Fifteensquared

Never knowingly undersolved.

Financial Times 13,867 by Cincinnus

Posted by Pete Maclean on December 15th, 2011

Pete Maclean.

Prize puzzle from the Weekend FT of December 3

This proved a tricky puzzle for me and, I suspect, for some others. Two clues stand out and are both absolute gems: 22A (IN TRANSIT) and 10D (TOWER OF LONDON) which is an &lit. 1D (TRAINSPOTTING) and 18D (ASTOUND) are also rather good. I had a bit of trouble with the bottom-right quadrant, especially because I was unfamiliar with the word ‘captious’.

Across
1. TEMPERA – TEMPER (paddy) + A (a). Surely tempera is more a painting material than a painting technique, no?
5. DE SICA – hidden words
8. AD NAUSEUM – anagram of SUE AMANDA
9. AVAST – A (a) + VAST (huge)
11. NATAL – NATAL[ie] (girl that is finally abandoned)
12. SCROLL SAW – SCROLLS (displays more) + AW[ay]. This is a kind of saw I had not known of.
13. POSEIDON – double/cryptic definition (referring to the movie “The Poseidon Adventure”)
15. CORNER – COR[o]NER (public official losing heart)
17. TRAGIC – T (time) + CIGAR (Havana) backwards
19. FALSTAFF – FAL (river) + STAFF (man). I don’t recall ever hearing of the river Fal itself but if there is a Falmouth then there has to be a Fal!
22. IN TRANSIT – anagram of ST TRINIAN
23. MALMO – [s]MAL[l] + MO (second)
24. GAUDI – G (grand) + AUDI (car)
25. AFORESAID – anagram of SAFE RADIO
26. ADONIS – A (a) + DON (teacher) + I[mpress] + S[creen]
27. STEPSON – “steps on” (does not stop walking)

Down
1. TRAINSPOTTING – TRAINS (grooms) + POTTING (at work in shed). ‘Welsh’ here refers, of course, to Irvine Welsh. Who is Scottish.
2. MINUTES – double definition
3. EQUAL – hidden word. Some people are not happy with ‘of’ as a hidden-word indicator.
4. AVERSION – A (one) + VERSION (variant)
5. DEMURE – DEMUR (object) + [lin]E
6. SCALLIONS – ALL (entirely) in SCIONS (young shoots). ‘Scallions’ is the term used in the US for what Brits and Australians call spring onions.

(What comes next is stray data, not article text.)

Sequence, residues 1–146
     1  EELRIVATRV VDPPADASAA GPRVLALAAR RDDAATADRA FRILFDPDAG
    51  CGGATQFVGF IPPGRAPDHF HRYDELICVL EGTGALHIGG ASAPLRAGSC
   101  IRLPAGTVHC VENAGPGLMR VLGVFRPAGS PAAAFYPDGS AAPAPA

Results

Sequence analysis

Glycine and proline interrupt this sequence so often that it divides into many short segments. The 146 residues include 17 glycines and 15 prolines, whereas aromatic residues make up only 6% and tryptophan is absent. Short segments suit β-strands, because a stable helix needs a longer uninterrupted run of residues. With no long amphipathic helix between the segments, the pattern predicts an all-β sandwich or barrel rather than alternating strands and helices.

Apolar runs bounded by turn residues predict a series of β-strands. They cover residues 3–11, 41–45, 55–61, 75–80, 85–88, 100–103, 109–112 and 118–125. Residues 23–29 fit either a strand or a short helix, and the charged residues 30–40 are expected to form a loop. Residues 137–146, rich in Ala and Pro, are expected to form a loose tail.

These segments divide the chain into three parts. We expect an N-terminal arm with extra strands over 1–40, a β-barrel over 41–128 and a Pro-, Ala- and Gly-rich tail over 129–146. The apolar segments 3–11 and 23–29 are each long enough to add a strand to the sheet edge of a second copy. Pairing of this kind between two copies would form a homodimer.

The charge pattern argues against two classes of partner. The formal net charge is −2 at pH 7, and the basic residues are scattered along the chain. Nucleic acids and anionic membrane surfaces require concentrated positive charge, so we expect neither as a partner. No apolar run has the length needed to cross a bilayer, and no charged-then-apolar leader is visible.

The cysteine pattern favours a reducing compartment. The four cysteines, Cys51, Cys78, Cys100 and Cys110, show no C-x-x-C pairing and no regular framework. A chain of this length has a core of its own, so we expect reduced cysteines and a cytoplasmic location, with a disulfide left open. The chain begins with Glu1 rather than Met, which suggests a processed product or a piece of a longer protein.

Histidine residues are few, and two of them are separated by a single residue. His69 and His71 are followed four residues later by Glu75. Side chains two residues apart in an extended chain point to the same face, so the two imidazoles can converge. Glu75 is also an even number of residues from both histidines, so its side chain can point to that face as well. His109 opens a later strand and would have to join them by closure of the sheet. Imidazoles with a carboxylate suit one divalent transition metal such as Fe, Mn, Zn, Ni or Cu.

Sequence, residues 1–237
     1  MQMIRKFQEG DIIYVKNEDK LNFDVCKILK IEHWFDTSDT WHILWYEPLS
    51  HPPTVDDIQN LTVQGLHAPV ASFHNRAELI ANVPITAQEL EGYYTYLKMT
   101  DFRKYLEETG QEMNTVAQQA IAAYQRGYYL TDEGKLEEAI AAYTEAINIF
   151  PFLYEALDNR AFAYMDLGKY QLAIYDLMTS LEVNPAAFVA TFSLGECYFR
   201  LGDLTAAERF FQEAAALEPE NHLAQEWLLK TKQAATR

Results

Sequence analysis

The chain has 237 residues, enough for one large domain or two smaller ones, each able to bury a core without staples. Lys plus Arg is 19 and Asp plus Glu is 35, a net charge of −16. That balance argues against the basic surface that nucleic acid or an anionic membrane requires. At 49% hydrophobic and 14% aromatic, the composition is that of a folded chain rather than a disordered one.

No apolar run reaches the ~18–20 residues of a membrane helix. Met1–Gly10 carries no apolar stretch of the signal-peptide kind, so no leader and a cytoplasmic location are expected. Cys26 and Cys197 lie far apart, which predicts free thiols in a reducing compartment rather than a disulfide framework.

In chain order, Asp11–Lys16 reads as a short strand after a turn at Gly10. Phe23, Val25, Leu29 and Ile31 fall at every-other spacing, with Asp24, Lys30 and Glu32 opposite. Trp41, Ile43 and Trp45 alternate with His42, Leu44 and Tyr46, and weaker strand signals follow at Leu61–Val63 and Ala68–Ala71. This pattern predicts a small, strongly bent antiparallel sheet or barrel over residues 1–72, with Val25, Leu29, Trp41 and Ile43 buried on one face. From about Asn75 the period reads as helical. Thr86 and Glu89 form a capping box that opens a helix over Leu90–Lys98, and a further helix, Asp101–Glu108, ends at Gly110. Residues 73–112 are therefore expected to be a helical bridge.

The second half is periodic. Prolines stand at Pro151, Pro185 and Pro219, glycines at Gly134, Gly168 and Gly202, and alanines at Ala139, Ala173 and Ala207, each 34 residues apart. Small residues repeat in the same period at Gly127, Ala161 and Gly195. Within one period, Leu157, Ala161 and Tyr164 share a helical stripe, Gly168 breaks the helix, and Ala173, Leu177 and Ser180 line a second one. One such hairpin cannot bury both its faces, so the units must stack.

7. CHANSON – HANS (Herr Sachs) in CON (study). Wikipedia tells us that Hans Sachs (1494-1576) was a German meistersinger, poet, playwright and shoemaker.
10. TOWER OF LONDON – anagram of ONE OLD FORT NOW and &lit.
14. IMITATION – [l]IMITATION (weakness losing top)
16. CAPTIOUS – CAPT (officer) + IOUS (promises to pay)
18. ASTOUND – [gla]S[gow] in anagram of OUT AND
20. ALL EARS – A[rtfu]L + LEARS (king’s)
21. ESSAYS – [w]ES[t] (Midwest) + SAYS (states)
23. MY EYE – double definition

2 Responses to “Financial Times 13,867 by Cincinnus”

  1. Bamberger says:

    Failed on 9a and had never heard of it. Quite often the better solvers say “New word to me but very obvious from the wordplay” . Ok so you have a?a?t. Even if you thought of huge =vast, how does that help you because you have then also got to realise that tar here is a sailor and that avast means stop in nautical language.
    Scroll saw also a new one to me.

  2. Pete Maclean says:

    Ah, well I realize that ‘avast’ is not an everyday word but it does come up a lot in “pirate talk” (along with lots of ahs, landlubbers and hearties). And it is good to consider that, whatever the context, tar might refer to a sailor. I had meant to mention that ‘scroll saw’ is new to me too.

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